# Elusive groups and vertex-transitive graphs

This question is pertaining to finite connected vertex-transitive graphs.

I recently read "Transitive permutation groups without semiregular subgroup" by Cameron, Giudici, Jones, Kantor, Klin, Marušič, Nowitz (publisher link; MSN review), where I found the concept of "elusive groups".

A permutation group $$G$$ acting on a set $$X$$ is called elusive if $$G$$ is transitive and contains no nontrivial semiregular subgroup (equivalently, no fixed-point-free element of prime order). I understand that transitive subgroups of elusive groups are elusive.

My question is: In light of the Polycirculant Conjecture, are the following statements is true?

Elusive groups cannot be the full automorphism group of any vertex-transitive graph.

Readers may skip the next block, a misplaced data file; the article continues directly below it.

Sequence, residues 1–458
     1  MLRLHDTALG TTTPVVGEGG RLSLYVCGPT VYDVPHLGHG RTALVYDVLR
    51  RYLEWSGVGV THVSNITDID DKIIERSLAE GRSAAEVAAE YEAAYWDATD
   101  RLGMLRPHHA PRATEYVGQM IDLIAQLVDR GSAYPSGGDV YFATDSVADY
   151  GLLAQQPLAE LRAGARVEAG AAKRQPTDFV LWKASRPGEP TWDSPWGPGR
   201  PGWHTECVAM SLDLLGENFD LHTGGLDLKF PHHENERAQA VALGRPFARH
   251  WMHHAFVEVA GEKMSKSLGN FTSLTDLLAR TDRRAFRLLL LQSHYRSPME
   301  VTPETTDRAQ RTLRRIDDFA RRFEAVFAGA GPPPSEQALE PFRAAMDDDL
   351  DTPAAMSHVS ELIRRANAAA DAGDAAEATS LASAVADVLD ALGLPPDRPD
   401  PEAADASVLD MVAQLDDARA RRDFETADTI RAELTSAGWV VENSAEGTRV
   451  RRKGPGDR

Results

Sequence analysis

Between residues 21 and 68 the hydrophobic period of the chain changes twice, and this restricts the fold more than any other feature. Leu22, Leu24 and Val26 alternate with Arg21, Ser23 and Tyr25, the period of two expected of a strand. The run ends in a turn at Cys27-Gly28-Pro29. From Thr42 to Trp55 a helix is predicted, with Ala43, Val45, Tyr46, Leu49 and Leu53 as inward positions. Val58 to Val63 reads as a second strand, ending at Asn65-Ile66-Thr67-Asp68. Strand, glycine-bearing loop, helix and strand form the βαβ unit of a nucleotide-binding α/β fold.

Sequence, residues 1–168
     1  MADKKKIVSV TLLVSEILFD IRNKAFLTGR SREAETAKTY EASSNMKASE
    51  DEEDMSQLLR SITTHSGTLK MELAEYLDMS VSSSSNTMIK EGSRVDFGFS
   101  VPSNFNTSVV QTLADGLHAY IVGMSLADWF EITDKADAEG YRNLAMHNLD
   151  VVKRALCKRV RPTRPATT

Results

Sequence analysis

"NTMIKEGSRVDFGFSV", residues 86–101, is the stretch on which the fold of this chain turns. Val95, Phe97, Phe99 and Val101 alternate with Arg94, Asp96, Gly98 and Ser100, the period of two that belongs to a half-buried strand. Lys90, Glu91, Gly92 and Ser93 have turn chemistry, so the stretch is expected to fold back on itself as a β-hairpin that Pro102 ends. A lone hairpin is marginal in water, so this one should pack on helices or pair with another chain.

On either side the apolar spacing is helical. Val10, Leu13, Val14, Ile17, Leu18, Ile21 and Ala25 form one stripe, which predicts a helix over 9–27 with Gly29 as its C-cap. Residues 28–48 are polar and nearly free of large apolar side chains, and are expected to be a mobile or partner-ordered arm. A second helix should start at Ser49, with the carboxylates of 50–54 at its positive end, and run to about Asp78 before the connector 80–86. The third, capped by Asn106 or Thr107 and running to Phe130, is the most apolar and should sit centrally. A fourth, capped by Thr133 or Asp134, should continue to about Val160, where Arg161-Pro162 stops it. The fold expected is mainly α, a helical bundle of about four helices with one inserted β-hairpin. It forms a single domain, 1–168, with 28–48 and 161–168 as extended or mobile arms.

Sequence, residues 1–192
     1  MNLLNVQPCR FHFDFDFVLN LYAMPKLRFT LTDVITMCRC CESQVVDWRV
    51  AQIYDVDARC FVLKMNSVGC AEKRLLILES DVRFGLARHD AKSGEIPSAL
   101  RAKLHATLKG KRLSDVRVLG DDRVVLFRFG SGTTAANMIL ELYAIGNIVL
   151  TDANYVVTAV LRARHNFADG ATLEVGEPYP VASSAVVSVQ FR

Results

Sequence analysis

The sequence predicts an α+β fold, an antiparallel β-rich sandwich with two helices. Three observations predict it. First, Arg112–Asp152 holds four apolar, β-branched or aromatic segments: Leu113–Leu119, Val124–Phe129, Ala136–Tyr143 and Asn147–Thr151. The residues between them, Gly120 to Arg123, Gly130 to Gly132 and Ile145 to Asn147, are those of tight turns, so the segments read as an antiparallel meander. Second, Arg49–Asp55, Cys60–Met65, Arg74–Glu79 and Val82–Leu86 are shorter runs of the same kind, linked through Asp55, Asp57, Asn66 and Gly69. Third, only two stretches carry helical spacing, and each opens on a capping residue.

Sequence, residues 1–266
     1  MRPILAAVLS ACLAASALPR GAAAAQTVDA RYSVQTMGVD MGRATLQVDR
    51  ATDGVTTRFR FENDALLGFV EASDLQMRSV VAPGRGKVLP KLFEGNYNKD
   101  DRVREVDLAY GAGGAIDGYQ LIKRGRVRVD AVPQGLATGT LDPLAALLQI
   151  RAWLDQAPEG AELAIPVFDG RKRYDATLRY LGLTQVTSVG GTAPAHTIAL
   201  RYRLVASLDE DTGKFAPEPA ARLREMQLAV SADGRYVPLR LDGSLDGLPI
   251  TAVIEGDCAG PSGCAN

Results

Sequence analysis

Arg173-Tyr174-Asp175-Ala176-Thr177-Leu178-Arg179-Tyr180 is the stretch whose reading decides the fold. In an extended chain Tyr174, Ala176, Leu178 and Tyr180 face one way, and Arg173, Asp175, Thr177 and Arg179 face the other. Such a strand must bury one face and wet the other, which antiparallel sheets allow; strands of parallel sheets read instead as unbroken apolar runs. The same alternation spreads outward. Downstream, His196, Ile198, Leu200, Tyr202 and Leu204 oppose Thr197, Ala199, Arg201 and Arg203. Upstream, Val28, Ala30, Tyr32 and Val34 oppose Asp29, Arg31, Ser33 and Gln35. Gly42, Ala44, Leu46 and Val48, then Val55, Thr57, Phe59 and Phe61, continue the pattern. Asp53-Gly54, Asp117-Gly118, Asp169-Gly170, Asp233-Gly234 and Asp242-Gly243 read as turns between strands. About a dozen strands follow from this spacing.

or

Elusive groups cannot be any transitive subgroup of the full automorphism group of any vertex-transitive graph.

P.S. I am trying to understand how an elusive Group is a hindrance towards the Polycirculant Conjecture.

(Previously posted on MathSE.)

• I have edited it, now. – user52949 Jul 14 '19 at 14:10
• If $G$ is transitive and elusive, it can just be viewed as transitive subgroup of the automorphism group of the complete graph (on the given set). So if I understand correctly, the second question has a negative answer. – YCor Jul 14 '19 at 14:37
• Please wait more than a few hours before crossposting. – verret Jul 14 '19 at 21:01

Any elusive group of degree $$n$$ is a subgroup of the full automorphism group of the complete graph $$K_n$$, so your second statement is not true.
• Thank you for your explanation. But does that mean we can not have a GRR on an Elusive group, say $M_{11}$? – user52949 Jul 14 '19 at 17:02
• No, it does not, I've already explained this to you (in a private communication). You are conflating abstract groups and permutation groups. Saying "$M_{11}$ is elusive" without specifying an action is meaningless. $M_{11}$ is only elusive in one particular action of degree $12$. All its other actions are non-elusive, including its regular one. – verret Jul 14 '19 at 21:04